Broward County

‘We trained for this,’ say doctors who treated shooting victims

Broward Health trauma surgeons provide update on shooting victims

Trauma surgeons at Broward Health Medical Central brief the media on the status of shooting victims from Fort Lauderdale Airport on Jan. 6, 2017.
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Trauma surgeons at Broward Health Medical Central brief the media on the status of shooting victims from Fort Lauderdale Airport on Jan. 6, 2017.

It was a somber scene at Fort Lauderdale’s Broward Health Medical Center following the mass shooting at Fort Lauderdale-Hollywood International Airport on Friday afternoon, as dozens of reporters and camera crews crowded the entryways to the trauma center.

Victims of the shooting were brought to the hospital soon after the attack occurred at the Terminal 2 baggage claim, but an emergency room surgeon said no one brought to the hospital from the airport had died.

“It’s like a big tragedy,” said Raynard James, 19, of Hollywood, who was at the hospital with an unrelated foot injury. “I heard some screaming, some crying for other family members. They were trying to make sure their family members were all right.”

James said he was reading about the shootings on Facebook when victims began arriving.

“It was orderly,” James said of the scene. “There was blood everywhere. … I know how it is, I’ve been shot before. People have blood all over their body, pain. You just have that pain of the bullet being inside your body.

“I saw a lot of family members crying, coming into the waiting room. … It’s crazy, the world coming down to this. It’s crazy.”

I saw a lot of family members crying, coming into the waiting room. … It’s crazy, the world coming down to this. It’s crazy.

Raynard James, hospital patient

Though several ambulances came in and out of the hospital in the hours after the shooting, authorities would not divulge specific information about those who were being transported.

None of the victims’ names — those who died or those injured and taken to the hospital — had been released as of Friday evening.

Dr. Ralph Guarneri, the trauma surgeon on duty, said five gunshot victims came into the trauma center and two were undergoing surgery. All five, Guarneri said, were in stable condition.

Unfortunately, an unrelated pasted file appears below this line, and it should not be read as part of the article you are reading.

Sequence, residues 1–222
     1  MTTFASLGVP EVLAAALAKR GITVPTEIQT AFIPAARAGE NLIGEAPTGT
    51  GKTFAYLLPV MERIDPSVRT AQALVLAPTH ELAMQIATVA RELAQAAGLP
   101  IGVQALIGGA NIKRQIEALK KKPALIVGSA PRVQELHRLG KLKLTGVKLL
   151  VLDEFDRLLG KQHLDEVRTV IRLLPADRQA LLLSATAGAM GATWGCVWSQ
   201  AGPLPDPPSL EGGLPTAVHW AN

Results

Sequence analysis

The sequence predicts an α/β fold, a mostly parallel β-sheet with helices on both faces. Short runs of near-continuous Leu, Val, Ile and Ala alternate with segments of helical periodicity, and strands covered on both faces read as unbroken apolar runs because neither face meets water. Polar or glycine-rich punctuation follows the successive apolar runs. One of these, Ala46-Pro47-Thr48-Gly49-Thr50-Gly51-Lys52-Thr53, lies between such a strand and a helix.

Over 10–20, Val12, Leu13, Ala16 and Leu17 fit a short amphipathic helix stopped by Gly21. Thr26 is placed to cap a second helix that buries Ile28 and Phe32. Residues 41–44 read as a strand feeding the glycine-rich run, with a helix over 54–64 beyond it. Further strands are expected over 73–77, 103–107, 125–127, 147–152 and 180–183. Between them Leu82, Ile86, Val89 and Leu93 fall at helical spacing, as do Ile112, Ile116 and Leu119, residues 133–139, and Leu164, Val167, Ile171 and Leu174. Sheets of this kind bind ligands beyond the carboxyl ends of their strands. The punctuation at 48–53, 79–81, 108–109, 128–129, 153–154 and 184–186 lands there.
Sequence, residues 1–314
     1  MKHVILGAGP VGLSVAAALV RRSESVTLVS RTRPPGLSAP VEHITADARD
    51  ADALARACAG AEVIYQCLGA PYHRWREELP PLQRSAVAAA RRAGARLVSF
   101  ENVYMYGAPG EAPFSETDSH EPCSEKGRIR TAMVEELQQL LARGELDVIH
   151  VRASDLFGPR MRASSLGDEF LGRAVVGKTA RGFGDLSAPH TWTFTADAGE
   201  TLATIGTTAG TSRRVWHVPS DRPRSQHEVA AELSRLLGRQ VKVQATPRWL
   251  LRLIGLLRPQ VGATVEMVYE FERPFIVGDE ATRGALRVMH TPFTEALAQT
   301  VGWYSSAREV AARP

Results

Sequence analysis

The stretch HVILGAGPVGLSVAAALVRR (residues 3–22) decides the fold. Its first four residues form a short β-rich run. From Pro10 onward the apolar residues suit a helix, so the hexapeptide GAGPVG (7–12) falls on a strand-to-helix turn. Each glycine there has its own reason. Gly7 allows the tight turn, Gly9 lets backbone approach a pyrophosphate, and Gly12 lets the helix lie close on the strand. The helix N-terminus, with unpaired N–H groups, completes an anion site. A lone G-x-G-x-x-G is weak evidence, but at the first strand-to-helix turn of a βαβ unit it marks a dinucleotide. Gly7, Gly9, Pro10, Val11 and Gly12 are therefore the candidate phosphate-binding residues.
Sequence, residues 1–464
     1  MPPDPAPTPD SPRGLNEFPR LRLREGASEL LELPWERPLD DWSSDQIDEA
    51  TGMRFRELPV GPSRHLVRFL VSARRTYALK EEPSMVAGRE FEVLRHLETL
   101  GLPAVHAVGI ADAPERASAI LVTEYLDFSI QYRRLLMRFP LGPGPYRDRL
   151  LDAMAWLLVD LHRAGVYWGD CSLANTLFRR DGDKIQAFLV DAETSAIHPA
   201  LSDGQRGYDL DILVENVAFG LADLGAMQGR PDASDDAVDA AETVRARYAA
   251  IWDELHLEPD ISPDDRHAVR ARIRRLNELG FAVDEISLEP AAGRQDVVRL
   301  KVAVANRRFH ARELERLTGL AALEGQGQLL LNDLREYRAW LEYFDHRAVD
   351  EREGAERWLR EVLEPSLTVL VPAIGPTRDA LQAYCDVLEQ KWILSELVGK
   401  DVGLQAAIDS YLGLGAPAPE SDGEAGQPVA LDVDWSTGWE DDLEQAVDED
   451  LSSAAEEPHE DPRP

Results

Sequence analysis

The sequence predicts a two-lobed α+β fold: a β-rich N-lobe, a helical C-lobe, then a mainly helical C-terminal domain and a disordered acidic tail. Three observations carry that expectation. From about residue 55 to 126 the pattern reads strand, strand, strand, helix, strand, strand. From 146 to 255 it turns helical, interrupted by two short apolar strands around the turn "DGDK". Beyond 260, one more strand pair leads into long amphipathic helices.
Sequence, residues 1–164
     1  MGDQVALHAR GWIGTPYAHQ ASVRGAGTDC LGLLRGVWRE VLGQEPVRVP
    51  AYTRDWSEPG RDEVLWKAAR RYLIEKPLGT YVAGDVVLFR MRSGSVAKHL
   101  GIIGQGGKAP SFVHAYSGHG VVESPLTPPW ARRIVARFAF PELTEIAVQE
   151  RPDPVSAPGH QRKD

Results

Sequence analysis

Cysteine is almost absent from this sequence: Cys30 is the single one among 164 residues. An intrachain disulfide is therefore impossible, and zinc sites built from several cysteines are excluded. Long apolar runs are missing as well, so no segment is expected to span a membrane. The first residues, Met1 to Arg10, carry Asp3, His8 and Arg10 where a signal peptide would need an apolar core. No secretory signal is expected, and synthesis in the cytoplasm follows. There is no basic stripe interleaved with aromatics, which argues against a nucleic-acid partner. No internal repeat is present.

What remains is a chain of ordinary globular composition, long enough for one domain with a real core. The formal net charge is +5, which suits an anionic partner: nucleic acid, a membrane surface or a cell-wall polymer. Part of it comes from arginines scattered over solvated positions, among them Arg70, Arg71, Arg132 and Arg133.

Several other people came to the hospital with less serious injuries received at the airport.

“This was an extensive team effort. … The entire system came together,” Guarneri said at a makeshift press conference in front of the emergency room entrance.

“No one who arrived at the hospital has expired. We’re doing the best we can do right now. … If you took a video of it, it would have looked like chaos, but it was controlled. This whole system worked very well today. I’m very proud of everyone who was there; we trained for this. As a Level 1 trauma center, Broward General shined very well.”

No one who arrived at the hospital has expired. We’re doing the best we can do right now.

Dr. Ralph Guarneri, trauma surgeon

Ronnie Coutu, who flew to Fort Lauderdale from Raleigh, North Carolina, became an indirect victim of the shooter when he was trapped on a plane at the airport for seven hours. After his connecting flight from Baltimore, water and food were in limited supply on his Southwest plane.

“Everyone was trying the best they could,” Coutu said. “We were up and moving in the cabin. They put out the snacks they had — pretzels and peanuts — and restroom breaks were frequent. As the hours went by and the provisions began to run low, people started to wonder how long we would be sitting there. The updates we got were ‘there’s no update.’ People were feeling helpless.”

Coutu, 38, said he is a Type-1 diabetic. He alerted the Southwest crew of his predicament. Emergency crews were called and he was taken to Broward Health Medical Center in an ambulance, where he was quickly treated and released.

“They could be there all night, nobody knows,” Coutu said, thinking of the other passengers. “We were beginning to panic; a mob mentality will take over. They have to feed them, get water out there.

“The airport crew did a great job of trying to keep up. They had a lot of trucks out there.”

Doug Seidler, a 70-year-old building consultant from Seattle, was also at the hospital Friday afternoon.

Seidler said he brought his wife, Joyce, to the emergency room after she broke her hip on a cruise ship. “She’s looking at a double hip replacement,” he said.

Seidler also had a brother-in-law and sister-in-law at the airport around the time of the incident and didn’t know when they would be able to fly home.

“We’re trying to get them out. We can’t get them out,” Seidler said. “Total lockdown. We know they can’t fly out [Friday]. We know that.”

Seidler said his in-laws told him they “heard shots in Terminal 1 after they saw the commotion in Terminal 2.

“I’m a calm guy; it is what it is. We’ll deal with authorities as we need to.”

Later in the evening, Gov. Rick Scott appeared at the hospital and called the shooting “clearly an evil, brutal act. According to law enforcement, five individuals lost their lives and we know others are fighting for their lives.”

“I came to the hospital to do what I did after Pulse: to thank those individuals who take care of the patients who end up in these hospitals. They are working hard to save peoples lives. This is a great hospital.”

“I was able to speak to a couple of patients and they feel blessed to be alive,” Scott said. “They are looking forward to getting on with their lives.”

Video shows chaotic scene at baggage claim at Fort Lauderdale-Hollywood International Airport, including one shooting victim.

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